We start with the entry on an outstanding mid nineteenth-century Tasmanian educationist John Richard Buckland; Buckland's uncle was Dr Arnold of Rugby who was a friend of the Governor of Van Diemen's Land Sir John Franklin who had sailed in the Investigator with Matthew Flinders who had served with Captain William Bligh whose limited HR management skills led to the mutiny on the Bounty which inspired a classic film which starred Errol Flynn who had been a student at the Hutchins school whose first headmaster was the man we started with: John Richard Buckland.

This work was not designed to present Tasmania in any particular light. But out of its pages emerges a wonderfully inspiring portrait of Tasmania as a creative, diverse, civilised society with an extraordinary history of achievement.

In a thoughtful article the opinion is expressed that while '(Tasmanians) express their affectionate identification with the Island .... (their) patriotism (is) of geography rather than history. They rarely celebrate political or social achievements and the creation of an accomplished and admirable society'. While that may have been the case in the past I think that attitudes are rapidly changing and that Tasmanians today are increasingly appreciating the richness of their cultural and intellectual heritage and are beginning to celebrate their political and social achievements and the creation of an accomplished and admirable society. The Companion to Tasmanian History will admirably serve to reinforce and accelerate that process.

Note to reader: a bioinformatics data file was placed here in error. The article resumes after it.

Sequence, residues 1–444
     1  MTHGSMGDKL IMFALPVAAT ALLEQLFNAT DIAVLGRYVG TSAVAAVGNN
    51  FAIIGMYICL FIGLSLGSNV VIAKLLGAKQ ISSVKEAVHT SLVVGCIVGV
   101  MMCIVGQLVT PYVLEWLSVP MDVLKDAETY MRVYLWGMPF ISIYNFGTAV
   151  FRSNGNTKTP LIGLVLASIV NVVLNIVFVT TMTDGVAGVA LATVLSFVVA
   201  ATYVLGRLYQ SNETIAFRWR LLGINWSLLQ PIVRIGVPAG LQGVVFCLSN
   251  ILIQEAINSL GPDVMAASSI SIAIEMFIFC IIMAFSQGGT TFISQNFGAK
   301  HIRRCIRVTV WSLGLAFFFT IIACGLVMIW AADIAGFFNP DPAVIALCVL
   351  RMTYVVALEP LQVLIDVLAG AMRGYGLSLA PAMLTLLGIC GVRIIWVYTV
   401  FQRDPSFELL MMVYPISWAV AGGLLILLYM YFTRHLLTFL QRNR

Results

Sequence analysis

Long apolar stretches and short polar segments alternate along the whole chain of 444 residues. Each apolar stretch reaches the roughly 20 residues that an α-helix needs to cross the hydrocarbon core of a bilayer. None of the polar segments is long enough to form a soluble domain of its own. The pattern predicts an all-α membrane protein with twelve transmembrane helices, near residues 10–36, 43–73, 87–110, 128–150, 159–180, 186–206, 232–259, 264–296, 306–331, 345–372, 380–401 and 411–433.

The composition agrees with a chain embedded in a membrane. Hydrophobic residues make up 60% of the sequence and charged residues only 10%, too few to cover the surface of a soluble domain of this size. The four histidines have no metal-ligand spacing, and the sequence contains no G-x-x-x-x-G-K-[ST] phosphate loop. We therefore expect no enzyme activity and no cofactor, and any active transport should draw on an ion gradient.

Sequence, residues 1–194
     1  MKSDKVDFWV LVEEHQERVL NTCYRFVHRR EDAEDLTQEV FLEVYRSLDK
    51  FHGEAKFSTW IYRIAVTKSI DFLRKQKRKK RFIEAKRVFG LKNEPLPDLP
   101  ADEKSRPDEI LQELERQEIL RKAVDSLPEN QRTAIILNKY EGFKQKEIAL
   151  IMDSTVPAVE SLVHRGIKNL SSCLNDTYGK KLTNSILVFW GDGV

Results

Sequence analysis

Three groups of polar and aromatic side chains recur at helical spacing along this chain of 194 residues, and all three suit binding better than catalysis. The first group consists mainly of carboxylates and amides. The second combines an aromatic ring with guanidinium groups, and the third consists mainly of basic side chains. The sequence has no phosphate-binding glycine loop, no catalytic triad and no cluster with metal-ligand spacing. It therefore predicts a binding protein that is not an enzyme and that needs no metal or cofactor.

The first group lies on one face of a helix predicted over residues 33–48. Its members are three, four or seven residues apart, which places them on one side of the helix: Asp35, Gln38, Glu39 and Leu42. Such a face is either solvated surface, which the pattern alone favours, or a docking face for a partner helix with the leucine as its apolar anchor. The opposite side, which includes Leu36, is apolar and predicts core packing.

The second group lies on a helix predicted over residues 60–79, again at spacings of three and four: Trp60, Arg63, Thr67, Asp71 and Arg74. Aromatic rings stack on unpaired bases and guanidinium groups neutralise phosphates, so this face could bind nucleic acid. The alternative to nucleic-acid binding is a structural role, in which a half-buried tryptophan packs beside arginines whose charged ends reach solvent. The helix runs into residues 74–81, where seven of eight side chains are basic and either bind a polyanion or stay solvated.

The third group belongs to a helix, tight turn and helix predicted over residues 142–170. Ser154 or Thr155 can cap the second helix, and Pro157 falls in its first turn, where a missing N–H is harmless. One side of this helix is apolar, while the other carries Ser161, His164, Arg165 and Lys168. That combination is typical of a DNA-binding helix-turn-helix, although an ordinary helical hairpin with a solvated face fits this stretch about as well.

Many people and organisations contributed to this fine work. They are identified in the Acknowledgments section but I would like to mention in particular all the authors, the members of the editorial committee, the School of History and Classics at the University of Tasmania and of course the editor Alison Alexander who also heroically wrote dozens of the entries herself. Dr Alexander's considerable skills as an historian, author, editor, administrator and diplomat have all been fully drawn upon in bringing this work into being. We, as will generations to come, owe Dr Alexander and all the others a considerable debt for what they have achieved.

It is with great pleasure that I launch The Companion to Tasmanian History.